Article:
There are different ways to study feminism. One of the ways is to study it by analyzing the waves of feminism. Though there are differences of opinion on how many waves of feminism have been so far, we would like to hold on to the generally accepted view that there are four waves of feminism so far and we try to research into one of the hallmarks of the fourth wave feminism, feminist hashtag. Though some people consider hashtags momentary and (...)
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  10. Sugar Babies: When “Feminism” Looks Like Online Misogyny.Filipa Melo Lopes - 2022 - Blog of the APA 2022.
  11. Patriarchy in Disguise: Burke on Pike and World Rugby.Miroslav Imbrišević - 2022 - Sport, Ethics and Philosophy 1 (1):1-31.
    World Rugby (WR) announced in 2020 that transwomen should not be competing at the elite level because of safety and fairness concerns. WR and Jon Pike, a philosopher of sport advising them, adopted a lexical approach to get a grip on the three values in play: safety, fairness, and inclusion. Previously, governing bodies tried to balance these competing values. Michael Burke recently published a paper taking aim at Pike’s lexical approach. This is a reply to Burke.
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  12. Realism and Feminism: End Time for Patriarchy?Rob Archer - 1998 - Journal of Critical Realism 1 (1):4-8.
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  13. Sex Selection and Women’s Reproductive Rights.James J. Hughes - 2008 - In Laura Egendorf (ed.), Women Should Have the Right to Choose the Sex of Their Children. pp. 31-40.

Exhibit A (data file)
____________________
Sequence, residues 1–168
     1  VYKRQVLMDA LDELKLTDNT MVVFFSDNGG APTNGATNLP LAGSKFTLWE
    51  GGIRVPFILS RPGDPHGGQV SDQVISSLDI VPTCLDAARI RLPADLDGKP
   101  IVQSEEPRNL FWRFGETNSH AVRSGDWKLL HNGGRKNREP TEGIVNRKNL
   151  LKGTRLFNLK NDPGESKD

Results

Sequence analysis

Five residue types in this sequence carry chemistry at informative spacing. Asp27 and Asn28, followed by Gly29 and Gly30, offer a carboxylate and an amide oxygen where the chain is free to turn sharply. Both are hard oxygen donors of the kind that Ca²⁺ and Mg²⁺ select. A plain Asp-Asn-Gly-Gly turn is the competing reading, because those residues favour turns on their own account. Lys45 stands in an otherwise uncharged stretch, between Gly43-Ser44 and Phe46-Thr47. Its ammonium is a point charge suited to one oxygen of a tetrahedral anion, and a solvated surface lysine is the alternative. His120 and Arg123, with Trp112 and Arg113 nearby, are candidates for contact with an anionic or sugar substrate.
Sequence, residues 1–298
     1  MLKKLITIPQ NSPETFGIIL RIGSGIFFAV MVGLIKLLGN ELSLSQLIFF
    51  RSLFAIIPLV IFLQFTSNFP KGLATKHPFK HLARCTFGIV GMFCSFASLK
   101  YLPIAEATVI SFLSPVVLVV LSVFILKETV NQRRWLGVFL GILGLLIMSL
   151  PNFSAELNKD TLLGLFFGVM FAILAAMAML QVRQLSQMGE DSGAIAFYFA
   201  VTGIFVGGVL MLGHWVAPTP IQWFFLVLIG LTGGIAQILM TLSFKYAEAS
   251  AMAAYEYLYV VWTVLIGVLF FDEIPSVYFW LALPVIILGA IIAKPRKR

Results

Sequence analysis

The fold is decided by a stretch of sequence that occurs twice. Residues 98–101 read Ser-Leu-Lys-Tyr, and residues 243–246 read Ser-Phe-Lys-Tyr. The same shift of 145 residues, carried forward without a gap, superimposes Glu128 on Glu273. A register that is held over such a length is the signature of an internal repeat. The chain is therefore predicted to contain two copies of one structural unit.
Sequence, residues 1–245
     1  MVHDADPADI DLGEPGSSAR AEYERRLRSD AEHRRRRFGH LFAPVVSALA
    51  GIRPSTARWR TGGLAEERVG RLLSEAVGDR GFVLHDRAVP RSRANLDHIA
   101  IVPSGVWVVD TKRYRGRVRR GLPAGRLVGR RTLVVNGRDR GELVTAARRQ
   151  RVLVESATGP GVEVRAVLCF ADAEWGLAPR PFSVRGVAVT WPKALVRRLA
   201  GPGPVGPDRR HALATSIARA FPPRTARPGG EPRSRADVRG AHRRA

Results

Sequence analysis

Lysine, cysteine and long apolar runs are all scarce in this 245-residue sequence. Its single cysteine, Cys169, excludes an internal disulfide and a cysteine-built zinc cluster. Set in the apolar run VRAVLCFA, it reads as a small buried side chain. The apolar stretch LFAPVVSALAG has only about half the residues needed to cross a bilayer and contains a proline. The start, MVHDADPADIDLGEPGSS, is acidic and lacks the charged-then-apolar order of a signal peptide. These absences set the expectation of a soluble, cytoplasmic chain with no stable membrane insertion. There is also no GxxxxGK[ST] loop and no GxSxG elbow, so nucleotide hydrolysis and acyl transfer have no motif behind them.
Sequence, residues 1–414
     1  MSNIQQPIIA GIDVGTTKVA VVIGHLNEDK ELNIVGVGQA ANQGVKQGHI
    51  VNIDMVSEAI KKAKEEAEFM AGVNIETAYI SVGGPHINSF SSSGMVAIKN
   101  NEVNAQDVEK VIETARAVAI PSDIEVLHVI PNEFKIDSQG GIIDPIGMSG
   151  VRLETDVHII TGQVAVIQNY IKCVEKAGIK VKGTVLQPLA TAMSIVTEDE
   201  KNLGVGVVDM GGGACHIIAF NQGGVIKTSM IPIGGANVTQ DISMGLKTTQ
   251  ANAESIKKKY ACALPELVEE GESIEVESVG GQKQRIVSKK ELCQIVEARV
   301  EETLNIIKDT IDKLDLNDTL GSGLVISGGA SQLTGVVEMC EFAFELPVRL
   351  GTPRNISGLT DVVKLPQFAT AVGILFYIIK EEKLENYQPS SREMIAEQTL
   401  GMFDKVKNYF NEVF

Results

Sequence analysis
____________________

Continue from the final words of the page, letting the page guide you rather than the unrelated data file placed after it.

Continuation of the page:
A woman's right to know the contents of her own body, and to make a choice about whether to continue her pregnancy or not, should be defended against laws trying to stop prenatal sex selection, either in the developing world or in the developed world. Restrictions on women's reproductive freedom harm the interests of women and girls, and ignore myriad social policy solutions, such as education and income incentives to have girls and universal old age pensions, that provide better answers (...)
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  14. Ursula K. Le Guin's Science Fictional Feminist Daoism.Ethan Mills - 2020 - Journal of Science Fiction and Philosophy 3:1-21.
    It is hardly a novel claim that the work of Ursula K. Le Guin (1929–2018) contains influences from philosophical Daoism, but I argue that this influence has yet to be fully understood. Several scholars criticize Le Guin for misrepresenting Daoist ideas as they appear in ancient Chinese philosophical texts, particularly the Dao De Jing and the Zhuangzi. While I have sympathy for this charge, especially as it relates to Le Guin’s translation of the Dao De Jing, I argue that it (...)
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  15. The Declaration of Interdependence! Feminism, Grounding and Enactivism.Anya Daly - 2021 - Human Studies 45 (1):43-62.
    This paper explores the issue whether feminism needs a metaphysical grounding, and if so, what form that might take to effectively take account of and support the socio-political demands of feminism; addressing these demands I further propose will also contribute to the resolution of other social concerns. Social constructionism is regularly invoked by feminists and other political activists who argue that social injustices are justified and sustained through hidden structures which oppress some while privileging others. Some feminists (Haslanger and Sveinsdóttir, (...)